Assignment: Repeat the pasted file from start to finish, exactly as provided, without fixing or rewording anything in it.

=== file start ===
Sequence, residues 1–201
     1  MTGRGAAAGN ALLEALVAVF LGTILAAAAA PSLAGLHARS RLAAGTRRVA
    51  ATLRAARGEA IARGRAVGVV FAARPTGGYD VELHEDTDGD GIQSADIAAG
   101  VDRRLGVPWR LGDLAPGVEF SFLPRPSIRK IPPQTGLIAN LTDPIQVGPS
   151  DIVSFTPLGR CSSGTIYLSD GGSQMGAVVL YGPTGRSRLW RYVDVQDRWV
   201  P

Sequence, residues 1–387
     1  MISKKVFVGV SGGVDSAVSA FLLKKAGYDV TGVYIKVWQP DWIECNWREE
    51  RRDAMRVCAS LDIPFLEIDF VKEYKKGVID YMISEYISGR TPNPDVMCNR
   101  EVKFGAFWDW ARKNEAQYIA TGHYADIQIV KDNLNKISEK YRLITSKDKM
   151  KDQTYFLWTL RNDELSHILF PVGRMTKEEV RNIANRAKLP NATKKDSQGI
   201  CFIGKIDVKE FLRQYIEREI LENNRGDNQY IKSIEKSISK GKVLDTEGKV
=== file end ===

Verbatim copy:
Sequence, residues 1–201
     1  MTGRGAAAGN ALLEALVAVF LGTILAAAAA PSLAGLHARS RLAAGTRRVA
    51  ATLRAARGEA IARGRAVGVV FAARPTGGYD VELHEDTDGD GIQSADIAAG
   101  VDRRLGVPWR LGDLAPGVEF SFLPRPSIRK IPPQTGLIAN LTDPIQVGPS
   151  DIVSFTPLGR CSSGTIYLSD GGSQMGAVVL YGPTGRSRLW RYVDVQDRWV
   201  P

Sequence, residues 1–387
     1  MISKKVFVGV SGGVDSAVSA FLLKKAGYDV TGVYIKVWQP DWIECNWREE
    51  RRDAMRVCAS LDIPFLEIDF VKEYKKGVID YMISEYISGR TPNPDVMCNR
   101  EVKFGAFWDW ARKNEAQYIA TGHYADIQIV KDNLNKISEK YRLITSKDKM
   151  KDQTYFLWTL RNDELSHILF PVGRMTKEEV RNIANRAKLP NATKKDSQGI
   201  CFIGKIDVKE FLRQYIEREI LENNRGDNQY IKSIEKSISK GKVLDTEGKV